Every cent that doesn’t have to be spent paying interest can be used to eat into the size of your debts. So where does the bit about credit ratings come into it?
It’s a basic rule of money. Lenders who give loans to people with poor credit ratings are taking a greater risk that they won’t get their money back.
If you have a history of being unable to keep up with loan repayments, most lenders won’t touch you with a bargepole. And those who do will want a hefty reward for their ‘bravery’, in the form of….you’ve guessed it, higher interest.
That’s why those who have a poor credit rating have to resort to expensive ‘sub prime’ finance if they want to borrow money. Being charged a high rate of interest is their punishment for having a poor credit rating.
But this rule also works the other way. The better your borrowing record the more attractive deals you’ll be offered.
Better credit rating = Lower risk = Lower rate of interest = More money to destroy your debts
Now I don’t want you to get the wrong impression about this. The advice that I am about to give you is not intended to allow you to borrow even more. Don’t even think about it! That’s why you’re in this situation. That’s why you are reading this website and looking for the magic answers to dig you out!
Instead, use these details to help blast your way out of debt by using your improved credit rating to refinance your debts at a lower rate of interest.
Right, here goes.
When you approach a lender to borrow money, most of them decide whether or not to accept your application by using a credit scoring system. They look at you personal details and give you points for certain things. If you get enough points they’ll lend you the money. If you fall short of the required score, they’ll tell you to go away. You should always bear in mind that nobody has a divine right to be granted credit.
Credit Scoring Points
Points will normally be scored according to your age, occupation, whether you are a home owner, the length of time at your current address, whether you have a phone, ownership of credit cards, your repayment record on previous loans and so on.
Lenders also look at the amount of your current debts compared to your income. If they feel that you don’t have enough income to cope with the extra borrowing then your application will end in refusal.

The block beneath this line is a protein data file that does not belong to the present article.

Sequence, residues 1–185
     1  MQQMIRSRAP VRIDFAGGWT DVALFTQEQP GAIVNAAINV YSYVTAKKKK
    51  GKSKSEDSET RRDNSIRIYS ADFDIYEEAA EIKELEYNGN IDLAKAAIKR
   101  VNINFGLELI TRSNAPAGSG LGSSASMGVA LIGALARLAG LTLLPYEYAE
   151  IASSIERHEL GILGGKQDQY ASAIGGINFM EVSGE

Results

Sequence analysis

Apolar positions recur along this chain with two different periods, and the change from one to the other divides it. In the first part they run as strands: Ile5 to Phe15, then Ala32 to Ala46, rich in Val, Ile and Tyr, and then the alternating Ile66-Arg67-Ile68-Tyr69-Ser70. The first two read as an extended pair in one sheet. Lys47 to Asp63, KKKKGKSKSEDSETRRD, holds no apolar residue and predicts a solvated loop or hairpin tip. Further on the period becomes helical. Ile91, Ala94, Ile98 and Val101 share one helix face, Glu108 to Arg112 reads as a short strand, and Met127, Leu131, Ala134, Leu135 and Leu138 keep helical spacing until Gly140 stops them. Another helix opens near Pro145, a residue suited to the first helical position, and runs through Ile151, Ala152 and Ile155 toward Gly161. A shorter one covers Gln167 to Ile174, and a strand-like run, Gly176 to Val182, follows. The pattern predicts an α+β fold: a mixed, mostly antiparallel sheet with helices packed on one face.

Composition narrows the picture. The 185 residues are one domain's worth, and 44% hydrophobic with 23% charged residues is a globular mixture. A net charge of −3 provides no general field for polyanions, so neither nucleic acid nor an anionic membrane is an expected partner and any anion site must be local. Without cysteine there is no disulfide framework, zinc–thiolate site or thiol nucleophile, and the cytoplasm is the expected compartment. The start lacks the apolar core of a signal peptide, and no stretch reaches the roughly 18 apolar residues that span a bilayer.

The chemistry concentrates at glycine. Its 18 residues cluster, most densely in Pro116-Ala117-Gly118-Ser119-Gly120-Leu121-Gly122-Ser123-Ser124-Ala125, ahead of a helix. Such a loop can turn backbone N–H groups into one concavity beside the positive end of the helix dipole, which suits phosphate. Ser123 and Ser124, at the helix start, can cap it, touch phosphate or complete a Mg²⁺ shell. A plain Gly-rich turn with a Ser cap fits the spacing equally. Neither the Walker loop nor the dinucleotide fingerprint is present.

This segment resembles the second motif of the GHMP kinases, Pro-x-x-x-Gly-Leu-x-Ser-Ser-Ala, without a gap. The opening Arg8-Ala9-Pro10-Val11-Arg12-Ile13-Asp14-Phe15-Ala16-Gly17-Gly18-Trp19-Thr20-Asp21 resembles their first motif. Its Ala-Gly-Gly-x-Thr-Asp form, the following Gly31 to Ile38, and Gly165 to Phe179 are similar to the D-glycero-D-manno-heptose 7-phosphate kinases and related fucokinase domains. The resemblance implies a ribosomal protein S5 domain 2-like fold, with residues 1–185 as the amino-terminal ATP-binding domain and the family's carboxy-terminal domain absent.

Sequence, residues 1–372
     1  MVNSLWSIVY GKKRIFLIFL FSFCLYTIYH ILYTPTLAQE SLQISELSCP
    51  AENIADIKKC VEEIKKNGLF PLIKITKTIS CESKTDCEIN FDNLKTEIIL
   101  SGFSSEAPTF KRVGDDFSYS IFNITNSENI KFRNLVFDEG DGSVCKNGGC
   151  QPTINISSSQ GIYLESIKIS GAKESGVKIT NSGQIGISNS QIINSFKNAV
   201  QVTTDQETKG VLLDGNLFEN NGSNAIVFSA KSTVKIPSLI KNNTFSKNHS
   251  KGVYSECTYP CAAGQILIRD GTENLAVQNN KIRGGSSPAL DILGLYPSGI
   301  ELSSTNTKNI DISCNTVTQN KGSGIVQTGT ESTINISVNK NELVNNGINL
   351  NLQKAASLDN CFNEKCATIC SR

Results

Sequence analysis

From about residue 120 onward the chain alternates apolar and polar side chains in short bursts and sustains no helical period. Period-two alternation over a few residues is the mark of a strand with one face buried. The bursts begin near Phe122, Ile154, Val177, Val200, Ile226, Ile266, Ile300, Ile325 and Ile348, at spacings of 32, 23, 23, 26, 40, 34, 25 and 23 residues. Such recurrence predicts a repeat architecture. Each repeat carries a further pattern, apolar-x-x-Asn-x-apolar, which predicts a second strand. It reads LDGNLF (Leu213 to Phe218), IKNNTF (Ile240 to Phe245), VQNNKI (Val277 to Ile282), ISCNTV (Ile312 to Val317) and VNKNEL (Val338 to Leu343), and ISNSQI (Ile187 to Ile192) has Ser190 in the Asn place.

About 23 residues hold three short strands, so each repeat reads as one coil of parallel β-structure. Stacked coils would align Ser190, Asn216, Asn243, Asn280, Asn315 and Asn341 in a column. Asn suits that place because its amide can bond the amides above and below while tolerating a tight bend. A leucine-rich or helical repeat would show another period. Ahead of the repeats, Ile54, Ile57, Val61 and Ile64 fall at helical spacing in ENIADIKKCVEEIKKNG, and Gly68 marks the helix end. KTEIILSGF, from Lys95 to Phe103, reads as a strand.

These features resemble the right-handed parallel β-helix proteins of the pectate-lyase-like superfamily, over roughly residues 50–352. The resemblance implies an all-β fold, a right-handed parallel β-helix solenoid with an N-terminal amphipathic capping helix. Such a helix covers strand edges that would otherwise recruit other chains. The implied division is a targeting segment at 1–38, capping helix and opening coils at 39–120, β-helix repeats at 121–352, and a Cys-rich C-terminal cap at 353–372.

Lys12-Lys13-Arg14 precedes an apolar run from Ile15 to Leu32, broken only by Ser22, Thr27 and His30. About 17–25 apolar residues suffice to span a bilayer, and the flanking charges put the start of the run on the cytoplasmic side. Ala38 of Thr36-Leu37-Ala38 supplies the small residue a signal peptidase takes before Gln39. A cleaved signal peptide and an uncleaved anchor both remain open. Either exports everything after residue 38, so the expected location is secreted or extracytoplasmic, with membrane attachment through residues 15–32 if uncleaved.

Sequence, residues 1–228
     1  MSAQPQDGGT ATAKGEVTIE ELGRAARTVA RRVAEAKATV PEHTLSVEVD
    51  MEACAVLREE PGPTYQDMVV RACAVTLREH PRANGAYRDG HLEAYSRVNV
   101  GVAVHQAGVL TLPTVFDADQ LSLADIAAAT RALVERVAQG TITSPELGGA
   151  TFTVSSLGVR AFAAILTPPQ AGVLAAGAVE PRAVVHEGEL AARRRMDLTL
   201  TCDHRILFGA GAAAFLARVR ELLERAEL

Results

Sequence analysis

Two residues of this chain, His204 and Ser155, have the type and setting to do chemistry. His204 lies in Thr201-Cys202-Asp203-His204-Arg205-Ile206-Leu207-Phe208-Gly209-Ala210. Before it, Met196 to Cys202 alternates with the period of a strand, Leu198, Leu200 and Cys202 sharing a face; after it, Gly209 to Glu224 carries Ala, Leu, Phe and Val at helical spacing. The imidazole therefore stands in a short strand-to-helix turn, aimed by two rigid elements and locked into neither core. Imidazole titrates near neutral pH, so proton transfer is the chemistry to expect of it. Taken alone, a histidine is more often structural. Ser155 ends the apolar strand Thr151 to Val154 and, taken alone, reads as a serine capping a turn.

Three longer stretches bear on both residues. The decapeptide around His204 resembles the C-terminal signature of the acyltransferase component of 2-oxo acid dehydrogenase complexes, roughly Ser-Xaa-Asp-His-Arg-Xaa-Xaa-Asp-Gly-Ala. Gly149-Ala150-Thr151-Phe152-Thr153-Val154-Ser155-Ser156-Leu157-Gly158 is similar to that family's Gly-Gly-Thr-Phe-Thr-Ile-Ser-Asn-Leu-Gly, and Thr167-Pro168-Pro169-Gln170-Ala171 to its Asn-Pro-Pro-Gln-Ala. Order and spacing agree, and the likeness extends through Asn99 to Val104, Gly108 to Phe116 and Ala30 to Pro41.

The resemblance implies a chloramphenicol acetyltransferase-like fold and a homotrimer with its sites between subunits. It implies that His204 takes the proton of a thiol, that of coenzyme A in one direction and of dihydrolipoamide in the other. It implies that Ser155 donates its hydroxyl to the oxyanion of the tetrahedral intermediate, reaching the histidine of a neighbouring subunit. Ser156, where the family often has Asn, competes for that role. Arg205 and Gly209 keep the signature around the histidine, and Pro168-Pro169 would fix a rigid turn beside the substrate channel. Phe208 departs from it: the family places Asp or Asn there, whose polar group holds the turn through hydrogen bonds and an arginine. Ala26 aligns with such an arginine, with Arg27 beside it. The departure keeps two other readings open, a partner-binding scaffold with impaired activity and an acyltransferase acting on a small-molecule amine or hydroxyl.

In most countries, these details are collected and held by credit reference agencies. These companies build up information on you and everyone in the country. They store details on your financial position from the electoral roll, court judgements, repossession orders, bankruptcy details, payment records, previous credit applications etc.
Your credit record is one of the main factors that lenders use to decide whether or not to grant you a loan. If you’ve had trouble repaying debts in the past, then you’re less likely to be given credit in the future. And even if you are, you’ll be hit by extortionate levels of interest.
Correct Your Credit Record
If you’re concerned that certain inaccurate details are tainting your credit record, then take the following steps.
If a lender turns down your credit application, write to that organisation and ask which credit reference agency they used to help them arrive at their decision. In most countries they’re legally obliged to tell you. This letter should do the trick.
I am writing with regard to the refusal of my recent loan/credit card application. Please provide me with the details of any credit reference agency that you approached for information about me.
Once they reply, giving you the name of the credit reference agency that they used, the next step is to write to the relevant agency to get a copy of your credit record.
For a small fee you can request a copy of the information that they hold on record concerning you. Ask them for a copy of your Credit Report. Give your full name (including your maiden name if this is appropriate), any other names that you’re known by, your date of birth, your full current address, any previous addresses that you’ve had in the past 6 years, and your signature.
If you run a business, give its name and address as well, because they may hold separate information on you under your business details.
Once your record arrives, check it carefully. If there are any inaccuracies then take the matter up with the relevant lender who turned you down. Send them a letter that covers all the details of your complaint, including the disputed information, copies of relevant documents that prove it is incorrect, your details and a brief note explaining why the information is incorrect.